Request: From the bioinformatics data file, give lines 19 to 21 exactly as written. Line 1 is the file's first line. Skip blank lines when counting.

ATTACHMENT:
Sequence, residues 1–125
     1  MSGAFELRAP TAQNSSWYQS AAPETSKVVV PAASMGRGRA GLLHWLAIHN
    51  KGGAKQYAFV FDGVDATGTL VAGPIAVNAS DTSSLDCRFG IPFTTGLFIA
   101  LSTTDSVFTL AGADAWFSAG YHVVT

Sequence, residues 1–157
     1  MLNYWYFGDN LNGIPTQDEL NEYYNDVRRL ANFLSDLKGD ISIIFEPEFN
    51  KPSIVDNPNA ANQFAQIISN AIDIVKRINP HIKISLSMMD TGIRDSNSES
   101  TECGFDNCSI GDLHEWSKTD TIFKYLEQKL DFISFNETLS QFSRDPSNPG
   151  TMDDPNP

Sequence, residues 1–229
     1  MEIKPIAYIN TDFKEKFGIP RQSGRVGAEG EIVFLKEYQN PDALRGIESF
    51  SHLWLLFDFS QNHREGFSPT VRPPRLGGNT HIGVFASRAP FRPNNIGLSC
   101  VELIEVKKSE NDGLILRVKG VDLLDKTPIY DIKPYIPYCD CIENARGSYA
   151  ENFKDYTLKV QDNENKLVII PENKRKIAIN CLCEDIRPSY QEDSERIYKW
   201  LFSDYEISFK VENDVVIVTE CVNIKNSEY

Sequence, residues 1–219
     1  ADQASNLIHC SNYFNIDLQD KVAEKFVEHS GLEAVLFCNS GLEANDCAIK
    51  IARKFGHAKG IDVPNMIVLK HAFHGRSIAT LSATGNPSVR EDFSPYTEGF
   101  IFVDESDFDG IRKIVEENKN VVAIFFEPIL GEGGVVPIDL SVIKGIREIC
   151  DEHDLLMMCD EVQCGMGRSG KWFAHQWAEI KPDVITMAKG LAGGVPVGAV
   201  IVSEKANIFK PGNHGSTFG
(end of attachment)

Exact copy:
   101  IFVDESDFDG IRKIVEENKN VVAIFFEPIL GEGGVVPIDL SVIKGIREIC
   151  DEHDLLMMCD EVQCGMGRSG KWFAHQWAEI KPDVITMAKG LAGGVPVGAV
   201  IVSEKANIFK PGNHGSTFG